Split into Brand and Non-Brand terms. As you know there is no such thing as a keyword, the game is about key phrases - so create mico-segments of 3 word phrases, 7 word phrases and 10+ word phrases, identify the difference in behavior. Split Paid Search traffic from Florida, New Mexico, Arizona and Utah. Split between Paid Search campaigns where you give discounts vs. those where you don’t. Do match-back with your internal systems and split New Customers vs. Existing Customers acquired by Paid Search. Wait six months, split Paid Search acquired customers by the number of tech support calls they made, the subsequent purchases they made, even product reviews they wrote.
Phew! And, I'm not kidding, I’m just getting started. :)
The deeper you go, the better you’ll understand the business (HUGE benefit) and the more precise and actionable the recommendations from insights you identify.
(This tip applies to all the segments below as well.)
| |2: Behavior Segments.
Behavior refers to the activity humans are undertaking on your website.
It is almost criminal that most Marketers don’t care about where they dump people on your site/store - because their senior leaders don’t create the right incentives.
Behavior segments begin to change that reality in a positive way.
When humans show up at your site, what is it that they are doing? Is there anything discernable/important in their behavior that is adding value to your digital existence? Or, on the flip side, what do we want people to do on our site, and is anyone exhibiting that behavior?
Such fascinating questions, seeking answers that will drive fatter conversions (!). Yet, it breaks my heart that behavior segments are so frequently overlooked.
Most behavior segments fall into two clusters: People who see x pages. People who do y things.
Visits with more than three page views (critical for content-heavy sites, important for eCommerce sites where this demonstrates an ability to cross-sell and upsell).
People who add to cart, vs. those who don’t.
People who’ve visited more than 5x this month.
People who visit only certain parts of the site (sports, editorial, international edition, crosswords, and games, etc.).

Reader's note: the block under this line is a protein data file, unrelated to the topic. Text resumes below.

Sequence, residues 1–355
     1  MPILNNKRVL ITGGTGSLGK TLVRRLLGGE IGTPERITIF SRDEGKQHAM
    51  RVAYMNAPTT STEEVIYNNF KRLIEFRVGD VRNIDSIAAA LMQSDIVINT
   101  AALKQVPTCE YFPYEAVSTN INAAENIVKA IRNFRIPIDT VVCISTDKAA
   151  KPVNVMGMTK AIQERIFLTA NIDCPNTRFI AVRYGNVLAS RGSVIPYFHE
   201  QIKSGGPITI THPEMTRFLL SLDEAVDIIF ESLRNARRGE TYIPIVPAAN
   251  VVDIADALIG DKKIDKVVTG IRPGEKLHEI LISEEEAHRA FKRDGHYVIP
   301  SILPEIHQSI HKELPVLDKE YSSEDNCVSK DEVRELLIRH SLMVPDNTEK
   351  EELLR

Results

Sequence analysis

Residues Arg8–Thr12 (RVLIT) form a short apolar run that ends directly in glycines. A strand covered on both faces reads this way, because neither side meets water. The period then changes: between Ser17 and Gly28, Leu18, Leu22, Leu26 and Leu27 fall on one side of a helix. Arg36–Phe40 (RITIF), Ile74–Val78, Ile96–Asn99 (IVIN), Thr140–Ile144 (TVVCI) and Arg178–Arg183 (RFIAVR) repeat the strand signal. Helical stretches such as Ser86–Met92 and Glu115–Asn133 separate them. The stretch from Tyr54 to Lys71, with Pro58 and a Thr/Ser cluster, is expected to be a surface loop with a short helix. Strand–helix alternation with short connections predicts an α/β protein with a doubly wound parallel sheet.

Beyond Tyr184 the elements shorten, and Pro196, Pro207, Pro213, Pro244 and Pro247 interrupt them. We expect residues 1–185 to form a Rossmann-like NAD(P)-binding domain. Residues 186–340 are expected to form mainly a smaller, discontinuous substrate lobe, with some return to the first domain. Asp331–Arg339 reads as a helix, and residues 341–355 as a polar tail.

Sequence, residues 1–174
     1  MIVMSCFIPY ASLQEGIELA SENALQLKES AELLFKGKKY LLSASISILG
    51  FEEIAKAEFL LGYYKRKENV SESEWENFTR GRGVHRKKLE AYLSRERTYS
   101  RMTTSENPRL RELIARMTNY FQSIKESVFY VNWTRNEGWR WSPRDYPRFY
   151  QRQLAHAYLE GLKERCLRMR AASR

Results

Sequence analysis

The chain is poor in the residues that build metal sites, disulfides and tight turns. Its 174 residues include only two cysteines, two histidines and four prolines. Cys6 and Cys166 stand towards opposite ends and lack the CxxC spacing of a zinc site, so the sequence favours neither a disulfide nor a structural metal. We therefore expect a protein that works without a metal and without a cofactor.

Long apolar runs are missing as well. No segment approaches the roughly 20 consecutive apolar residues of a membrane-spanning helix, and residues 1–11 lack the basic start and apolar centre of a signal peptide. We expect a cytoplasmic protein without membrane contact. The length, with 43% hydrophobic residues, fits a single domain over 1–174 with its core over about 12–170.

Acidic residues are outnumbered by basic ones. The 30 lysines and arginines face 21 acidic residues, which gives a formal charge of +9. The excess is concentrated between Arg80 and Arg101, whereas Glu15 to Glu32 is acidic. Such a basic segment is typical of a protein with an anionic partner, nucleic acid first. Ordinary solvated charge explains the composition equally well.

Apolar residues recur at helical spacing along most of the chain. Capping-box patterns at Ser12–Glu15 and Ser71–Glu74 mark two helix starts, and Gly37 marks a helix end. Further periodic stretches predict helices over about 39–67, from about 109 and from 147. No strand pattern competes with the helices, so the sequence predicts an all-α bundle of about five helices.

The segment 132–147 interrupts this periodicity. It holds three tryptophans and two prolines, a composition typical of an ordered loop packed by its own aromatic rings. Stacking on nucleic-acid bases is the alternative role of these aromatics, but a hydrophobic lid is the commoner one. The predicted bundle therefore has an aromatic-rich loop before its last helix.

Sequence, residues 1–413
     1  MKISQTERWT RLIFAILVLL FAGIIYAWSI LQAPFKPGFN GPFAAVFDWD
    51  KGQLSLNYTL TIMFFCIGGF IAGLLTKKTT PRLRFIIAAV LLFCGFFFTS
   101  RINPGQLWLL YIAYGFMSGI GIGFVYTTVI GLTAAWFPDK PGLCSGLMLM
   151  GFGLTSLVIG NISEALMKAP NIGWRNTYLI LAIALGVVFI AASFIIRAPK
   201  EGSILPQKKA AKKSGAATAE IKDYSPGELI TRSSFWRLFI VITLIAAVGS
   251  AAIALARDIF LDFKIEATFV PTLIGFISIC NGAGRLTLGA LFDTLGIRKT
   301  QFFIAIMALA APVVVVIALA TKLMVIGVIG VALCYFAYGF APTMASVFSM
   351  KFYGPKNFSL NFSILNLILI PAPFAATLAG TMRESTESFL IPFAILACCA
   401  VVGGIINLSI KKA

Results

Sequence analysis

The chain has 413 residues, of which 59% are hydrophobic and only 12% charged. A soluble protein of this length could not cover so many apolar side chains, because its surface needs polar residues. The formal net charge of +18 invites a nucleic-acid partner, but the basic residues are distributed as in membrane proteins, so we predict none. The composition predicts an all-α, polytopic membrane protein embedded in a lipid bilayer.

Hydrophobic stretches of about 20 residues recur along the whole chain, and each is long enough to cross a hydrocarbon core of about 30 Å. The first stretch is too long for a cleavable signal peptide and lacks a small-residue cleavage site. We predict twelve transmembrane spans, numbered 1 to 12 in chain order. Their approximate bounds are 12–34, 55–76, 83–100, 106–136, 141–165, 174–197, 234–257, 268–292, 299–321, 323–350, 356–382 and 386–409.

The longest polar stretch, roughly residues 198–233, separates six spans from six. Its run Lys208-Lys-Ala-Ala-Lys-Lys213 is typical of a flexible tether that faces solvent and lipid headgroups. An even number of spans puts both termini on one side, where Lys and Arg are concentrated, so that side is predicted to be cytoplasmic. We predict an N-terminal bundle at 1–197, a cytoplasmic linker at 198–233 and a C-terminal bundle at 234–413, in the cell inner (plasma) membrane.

(Obviously…) Everyone who bounced.
Oh, and people who abandon during the checkout process.
How can you forget people who do and don’t use the internal site search (and keywords they use - intent, baby!).
All that is off the top of my mind. I have 40 more of these, I’ve done so much behavior analysis (because I am OBSESSED with improving user experiences and removing roadblocks).
People whose days to transaction is more than 5 and less than 5.
The more you understand what people are doing on your site, the more likely it is that you’ll stop the silliness on your site (kill content, redo navigation, make cross-sells better, eliminate 80% of the ads - and still make more money! - learn to live with 19 days to conversion, don’t sell too hard, and so much more).
My guilty pleasure from effective behavioral segmentation is proving how wrong Senior Leaders (HiPPOs!) are in what they think is happening on the site vs. what actually is. Or, even sweeter, when it is so obvious that their favorite UX features - here’s what I want you to do, do thing x, that is what works for me! - actively harm outcomes.
While that is temporary joy, what feels really great, every day, is delighting customers by improving their experience.
I don’t need to tell you… Making customers happy is highly causal to making loads of money. :)
Behavioral segmentation is hard. That is why there is so much profit involved when you do it right.
| |3: Outcome Segments.
Outcomes are site activities that add value to your business/non-profit.
In my humble experience, the problem with outcome segmentation is not that Analysis Ninjas don’t segment, rather it is that they are incredibly unimaginative.
So yes, segment people who convert vs. those who don’t. Figure out the patterns of behavior that lead to the first outcome and patterns of acquisition and behavior that lead to the second (sad) outcome.
But, please don’t stop there.